Gene Ontology (GO) assignments were used to classify the functions of the predicted S. moorcroftiana genes; 23,310 (35.3%) unigenes were classified into three major functional categories (Biological Process, Cellular Component and Molecular Function) and 47 subcategories (Figure 2). In terms of Biological Processes, ‘metabolic processes’ and ‘cellular processes’ were the top two GO terms, indicating that the leaves were undergoing extensive metabolic activities, which is consistent with the results from the leaves of another Leguminosae genus Prosopis alba in Argentina . In terms of Molecular Function, the top three GO terms were related to the following categories: ‘binding’, ‘catalytic activity’ and ‘transporters activity’. A detailed analysis of the Cellular Component showed that the most representative categories were ‘cell part’, ‘organelle’ and ‘macromolecular region part’. These results are similar with the GO assignments of transcriptome data from abiotic-tolerant Reaumuria trigyna, Prosopis alba, Anthurium, and Chorispora bungeana –. To classify the orthologous gene products, 11,801 (17.87%) unigenes were subdivided into 26 eukaryotic Orthologous Groups (KOG) classifications (Figure 3). Among these classifications, the cluster of ‘general function prediction only’ represented the largest group, followed by ‘post-translational modification’, ‘protein turnover’, ‘chaperon’, ‘translation’ and ‘signal transduction’. The two categories involving ‘cell motility’ and ‘unnamed protein’ represented the smallest KOG classifications (Figure 3). To identify the biological pathways in the annotated sequences using the Kyoto Encyclopedia of Genes and Genomes (KEGG), the assembled unigenes were assigned to five specific pathways, including Cellular Processes, Environmental Information Processing, Genetic Information Processing, Metabolism, and Organism Systems (Figure 4). A summary of the unigenes annotation is given in Table S1.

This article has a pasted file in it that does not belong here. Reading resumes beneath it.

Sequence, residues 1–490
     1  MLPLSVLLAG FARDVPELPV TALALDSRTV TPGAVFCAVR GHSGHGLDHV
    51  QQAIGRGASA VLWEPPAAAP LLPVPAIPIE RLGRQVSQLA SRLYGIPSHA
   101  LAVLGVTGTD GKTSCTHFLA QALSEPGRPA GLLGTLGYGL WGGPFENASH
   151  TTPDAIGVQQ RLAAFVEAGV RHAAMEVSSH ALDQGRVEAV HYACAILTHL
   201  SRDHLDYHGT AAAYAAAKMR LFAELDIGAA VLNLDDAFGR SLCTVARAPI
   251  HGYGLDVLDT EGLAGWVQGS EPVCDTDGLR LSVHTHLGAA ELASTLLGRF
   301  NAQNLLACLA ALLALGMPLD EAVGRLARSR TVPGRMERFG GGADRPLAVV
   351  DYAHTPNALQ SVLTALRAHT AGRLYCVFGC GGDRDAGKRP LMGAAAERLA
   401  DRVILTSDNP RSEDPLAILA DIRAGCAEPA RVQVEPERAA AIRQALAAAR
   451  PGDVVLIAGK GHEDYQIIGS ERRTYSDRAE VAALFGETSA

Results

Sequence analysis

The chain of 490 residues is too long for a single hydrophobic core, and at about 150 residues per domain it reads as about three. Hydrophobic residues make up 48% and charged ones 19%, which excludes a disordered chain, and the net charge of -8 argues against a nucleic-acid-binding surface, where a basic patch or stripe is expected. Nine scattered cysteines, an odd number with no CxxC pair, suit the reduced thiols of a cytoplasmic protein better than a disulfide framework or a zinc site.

The unigenes with the best BLAST hits were aligned. All 23,310 unigenes were classified into three major functional categories and 47 sub-categories. The right Y-axis represents the number of genes in a category; the left Y-axis indicates the percentage of a specific category of genes in each main category.